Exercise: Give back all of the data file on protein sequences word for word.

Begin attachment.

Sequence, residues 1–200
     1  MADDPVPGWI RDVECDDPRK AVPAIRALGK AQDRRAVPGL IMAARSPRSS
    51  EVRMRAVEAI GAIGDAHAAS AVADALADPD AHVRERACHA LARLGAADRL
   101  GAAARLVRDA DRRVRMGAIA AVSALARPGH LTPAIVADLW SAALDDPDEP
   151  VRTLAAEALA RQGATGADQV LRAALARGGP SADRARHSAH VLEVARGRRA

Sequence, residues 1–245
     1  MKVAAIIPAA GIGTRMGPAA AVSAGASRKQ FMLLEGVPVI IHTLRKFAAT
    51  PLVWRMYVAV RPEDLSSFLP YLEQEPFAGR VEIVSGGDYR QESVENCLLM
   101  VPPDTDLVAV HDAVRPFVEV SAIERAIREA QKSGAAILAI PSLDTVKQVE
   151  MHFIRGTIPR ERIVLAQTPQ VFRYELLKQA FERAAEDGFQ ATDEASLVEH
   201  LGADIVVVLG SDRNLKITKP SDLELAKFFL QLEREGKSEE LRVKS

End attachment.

Sequence, residues 1–200
     1  MADDPVPGWI RDVECDDPRK AVPAIRALGK AQDRRAVPGL IMAARSPRSS
    51  EVRMRAVEAI GAIGDAHAAS AVADALADPD AHVRERACHA LARLGAADRL
   101  GAAARLVRDA DRRVRMGAIA AVSALARPGH LTPAIVADLW SAALDDPDEP
   151  VRTLAAEALA RQGATGADQV LRAALARGGP SADRARHSAH VLEVARGRRA

Sequence, residues 1–245
     1  MKVAAIIPAA GIGTRMGPAA AVSAGASRKQ FMLLEGVPVI IHTLRKFAAT
    51  PLVWRMYVAV RPEDLSSFLP YLEQEPFAGR VEIVSGGDYR QESVENCLLM
   101  VPPDTDLVAV HDAVRPFVEV SAIERAIREA QKSGAAILAI PSLDTVKQVE
   151  MHFIRGTIPR ERIVLAQTPQ VFRYELLKQA FERAAEDGFQ ATDEASLVEH
   201  LGADIVVVLG SDRNLKITKP SDLELAKFFL QLEREGKSEE LRVKS